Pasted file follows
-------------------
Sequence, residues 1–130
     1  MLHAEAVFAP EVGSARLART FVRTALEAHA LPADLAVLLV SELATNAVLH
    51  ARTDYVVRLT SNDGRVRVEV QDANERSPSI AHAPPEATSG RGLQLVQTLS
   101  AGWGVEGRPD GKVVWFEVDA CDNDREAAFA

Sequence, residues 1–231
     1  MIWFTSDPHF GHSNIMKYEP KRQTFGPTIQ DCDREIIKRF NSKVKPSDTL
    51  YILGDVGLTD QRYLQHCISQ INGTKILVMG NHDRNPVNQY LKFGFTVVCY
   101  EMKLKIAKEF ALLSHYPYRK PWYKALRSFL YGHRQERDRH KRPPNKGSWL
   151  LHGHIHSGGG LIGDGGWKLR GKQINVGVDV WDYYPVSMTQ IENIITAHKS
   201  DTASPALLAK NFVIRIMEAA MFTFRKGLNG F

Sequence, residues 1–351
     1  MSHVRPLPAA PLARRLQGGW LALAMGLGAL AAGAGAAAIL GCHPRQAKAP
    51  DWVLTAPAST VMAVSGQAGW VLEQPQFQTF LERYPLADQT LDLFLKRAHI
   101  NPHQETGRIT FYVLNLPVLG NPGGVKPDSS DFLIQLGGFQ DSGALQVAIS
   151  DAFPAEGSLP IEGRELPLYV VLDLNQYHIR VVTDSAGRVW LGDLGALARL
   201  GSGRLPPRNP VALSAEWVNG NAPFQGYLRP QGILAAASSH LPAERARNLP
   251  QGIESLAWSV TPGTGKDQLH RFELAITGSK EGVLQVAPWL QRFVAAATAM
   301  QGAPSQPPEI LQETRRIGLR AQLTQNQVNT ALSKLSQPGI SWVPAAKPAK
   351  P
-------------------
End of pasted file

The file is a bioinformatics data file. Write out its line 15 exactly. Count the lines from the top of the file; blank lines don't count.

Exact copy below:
   151  DAFPAEGSLP IEGRELPLYV VLDLNQYHIR VVTDSAGRVW LGDLGALARL